Luke Tiu, West Virginia (WCL)
Two years ago, Luke Tiu wasn’t a golfer. A self-described “baseball and football guy,” he’d never really spent any time on the course. 
Then, COVID-19 changed everything. 
“My football season got canceled,” Tiu remembers. “So I just kept watching golf videos on YouTube and figured out how to play.” 
A rising high school junior, Tiu says he’s progressed as a player since those early days of the pandemic. 
“Obviously, at first I had a baseball swing,” Tiu says. “It wasn’t great. But I started taking lessons, and that evolved into me playing every single day and loving it.” 
Tiu loves golf so much that he eventually gave up football. While his skills have definitely progressed from those early days of YouTube videos and baseball swings, Tiu says he’s “blessed” to have been a part of the PGA High School Golf National Invitational. 
“I only started two-and-half years ago, so just to think I’d be [playing in the National Invitational] is incredible,” he adds.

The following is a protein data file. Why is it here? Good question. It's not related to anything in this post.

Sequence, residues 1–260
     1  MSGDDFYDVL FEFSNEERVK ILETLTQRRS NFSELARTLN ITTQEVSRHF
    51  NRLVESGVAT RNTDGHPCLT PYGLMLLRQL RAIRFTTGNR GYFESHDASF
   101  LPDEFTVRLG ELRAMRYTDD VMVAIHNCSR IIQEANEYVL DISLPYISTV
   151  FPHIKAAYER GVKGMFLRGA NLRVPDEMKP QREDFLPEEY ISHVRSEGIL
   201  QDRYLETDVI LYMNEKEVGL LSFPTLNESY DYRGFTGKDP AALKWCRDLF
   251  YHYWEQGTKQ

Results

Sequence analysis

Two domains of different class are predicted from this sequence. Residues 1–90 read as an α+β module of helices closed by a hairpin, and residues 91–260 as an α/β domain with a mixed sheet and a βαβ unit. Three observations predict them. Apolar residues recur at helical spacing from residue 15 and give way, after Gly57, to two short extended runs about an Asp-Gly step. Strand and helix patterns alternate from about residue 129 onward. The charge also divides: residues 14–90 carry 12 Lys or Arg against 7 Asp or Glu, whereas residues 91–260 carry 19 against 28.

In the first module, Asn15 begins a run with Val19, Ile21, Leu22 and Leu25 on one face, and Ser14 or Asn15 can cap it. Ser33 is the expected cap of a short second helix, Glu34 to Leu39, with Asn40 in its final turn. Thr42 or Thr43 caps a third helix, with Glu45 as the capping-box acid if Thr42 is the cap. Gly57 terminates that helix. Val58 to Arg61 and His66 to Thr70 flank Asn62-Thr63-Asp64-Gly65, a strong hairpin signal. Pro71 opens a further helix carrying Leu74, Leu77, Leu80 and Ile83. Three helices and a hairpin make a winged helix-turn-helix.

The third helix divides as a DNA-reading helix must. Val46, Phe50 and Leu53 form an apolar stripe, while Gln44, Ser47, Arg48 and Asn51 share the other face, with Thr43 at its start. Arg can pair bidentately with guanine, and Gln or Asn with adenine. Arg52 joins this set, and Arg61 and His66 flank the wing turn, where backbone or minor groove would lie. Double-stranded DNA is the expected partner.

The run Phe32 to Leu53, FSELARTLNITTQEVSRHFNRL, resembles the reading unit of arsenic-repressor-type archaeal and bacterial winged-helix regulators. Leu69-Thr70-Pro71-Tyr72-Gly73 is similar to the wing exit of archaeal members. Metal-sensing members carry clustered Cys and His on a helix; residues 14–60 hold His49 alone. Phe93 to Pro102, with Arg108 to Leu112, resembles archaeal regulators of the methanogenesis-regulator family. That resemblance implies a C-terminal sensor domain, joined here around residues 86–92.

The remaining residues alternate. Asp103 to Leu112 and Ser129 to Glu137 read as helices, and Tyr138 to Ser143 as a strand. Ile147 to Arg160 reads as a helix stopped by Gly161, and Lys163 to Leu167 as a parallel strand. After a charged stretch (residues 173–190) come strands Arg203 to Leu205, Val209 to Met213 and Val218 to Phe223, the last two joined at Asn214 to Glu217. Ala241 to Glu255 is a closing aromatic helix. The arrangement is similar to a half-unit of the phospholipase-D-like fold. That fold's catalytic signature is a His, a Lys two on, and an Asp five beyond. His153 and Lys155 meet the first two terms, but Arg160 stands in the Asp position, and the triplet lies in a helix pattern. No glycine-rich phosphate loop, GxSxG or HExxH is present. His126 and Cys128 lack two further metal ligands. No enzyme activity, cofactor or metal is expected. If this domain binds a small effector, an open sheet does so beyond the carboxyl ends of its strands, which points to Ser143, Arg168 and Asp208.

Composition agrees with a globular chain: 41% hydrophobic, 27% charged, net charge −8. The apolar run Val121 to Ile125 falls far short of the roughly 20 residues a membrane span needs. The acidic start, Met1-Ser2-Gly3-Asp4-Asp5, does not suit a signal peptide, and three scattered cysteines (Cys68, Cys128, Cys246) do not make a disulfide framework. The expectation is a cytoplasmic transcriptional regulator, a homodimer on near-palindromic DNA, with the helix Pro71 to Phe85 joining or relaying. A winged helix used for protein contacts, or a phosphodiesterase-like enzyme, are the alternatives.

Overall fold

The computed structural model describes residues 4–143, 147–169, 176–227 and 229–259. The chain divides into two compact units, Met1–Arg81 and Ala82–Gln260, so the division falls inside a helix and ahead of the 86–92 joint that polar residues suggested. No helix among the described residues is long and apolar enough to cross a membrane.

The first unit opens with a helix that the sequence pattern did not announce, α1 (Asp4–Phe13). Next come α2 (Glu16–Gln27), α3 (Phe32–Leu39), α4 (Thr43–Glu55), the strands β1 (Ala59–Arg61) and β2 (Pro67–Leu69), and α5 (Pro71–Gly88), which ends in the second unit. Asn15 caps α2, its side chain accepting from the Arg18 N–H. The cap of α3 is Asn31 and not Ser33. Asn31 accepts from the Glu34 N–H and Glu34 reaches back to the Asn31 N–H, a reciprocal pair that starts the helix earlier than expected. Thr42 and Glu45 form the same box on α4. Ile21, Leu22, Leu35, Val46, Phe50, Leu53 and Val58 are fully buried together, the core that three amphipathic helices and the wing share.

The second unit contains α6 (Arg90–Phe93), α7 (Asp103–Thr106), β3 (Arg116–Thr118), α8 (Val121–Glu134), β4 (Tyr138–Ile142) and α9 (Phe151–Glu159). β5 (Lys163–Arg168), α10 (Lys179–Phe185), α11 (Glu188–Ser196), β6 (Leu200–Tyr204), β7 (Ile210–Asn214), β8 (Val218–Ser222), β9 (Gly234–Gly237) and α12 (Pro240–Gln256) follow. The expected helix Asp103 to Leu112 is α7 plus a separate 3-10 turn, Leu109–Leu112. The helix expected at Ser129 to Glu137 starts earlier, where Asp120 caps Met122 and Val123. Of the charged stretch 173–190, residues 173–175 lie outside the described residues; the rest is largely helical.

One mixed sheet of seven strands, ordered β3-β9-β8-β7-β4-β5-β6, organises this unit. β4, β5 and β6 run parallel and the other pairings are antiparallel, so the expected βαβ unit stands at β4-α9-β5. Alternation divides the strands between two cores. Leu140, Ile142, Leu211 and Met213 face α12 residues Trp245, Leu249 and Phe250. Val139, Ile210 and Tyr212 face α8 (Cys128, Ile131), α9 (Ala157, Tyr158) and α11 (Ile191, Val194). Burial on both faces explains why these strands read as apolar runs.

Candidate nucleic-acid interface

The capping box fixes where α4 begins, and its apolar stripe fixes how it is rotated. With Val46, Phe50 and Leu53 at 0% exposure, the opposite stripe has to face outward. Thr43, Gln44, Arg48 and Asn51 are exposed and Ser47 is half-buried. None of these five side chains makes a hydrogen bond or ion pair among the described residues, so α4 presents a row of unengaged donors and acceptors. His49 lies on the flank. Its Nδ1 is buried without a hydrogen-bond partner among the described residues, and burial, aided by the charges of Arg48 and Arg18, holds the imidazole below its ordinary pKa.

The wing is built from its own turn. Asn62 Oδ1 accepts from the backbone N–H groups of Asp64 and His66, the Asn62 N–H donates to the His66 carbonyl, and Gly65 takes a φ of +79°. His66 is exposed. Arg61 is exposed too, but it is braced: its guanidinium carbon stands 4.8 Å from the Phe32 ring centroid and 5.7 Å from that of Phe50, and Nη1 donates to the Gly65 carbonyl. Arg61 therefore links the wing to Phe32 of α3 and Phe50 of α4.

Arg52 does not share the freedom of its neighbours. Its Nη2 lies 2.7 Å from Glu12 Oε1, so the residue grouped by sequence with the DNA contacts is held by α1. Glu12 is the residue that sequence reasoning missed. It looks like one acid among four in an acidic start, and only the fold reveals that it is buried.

For Tiu, one of the high points of participating in the tournament was getting to play alongside several of his high school teammates. He and his teammates were invited to participate in the National Invitational after winning their state championship. 
“We had a really good performance at state and ended up winning by a good margin,” Tiu says. “Two of my teammates are graduating, and it’s going to be hard to see them go because we’ve spent so much time together. This [tournament] was another revitalizing thing for our team, getting to have one more week together.” 
Tiu is already looking forward to the future. While he isn’t sure what he might want to study in college, he’s positive that he’ll be a lifelong golfer. 
“I live in West Virginia and it’s cold in the winters, so I’d like to go somewhere [for college] like the Carolinas where it’s a little warmer in the winter,” he adds. “I’m not sure I could do a full-time college golf team, but I think I could do club. I’m just going to keep playing every day.”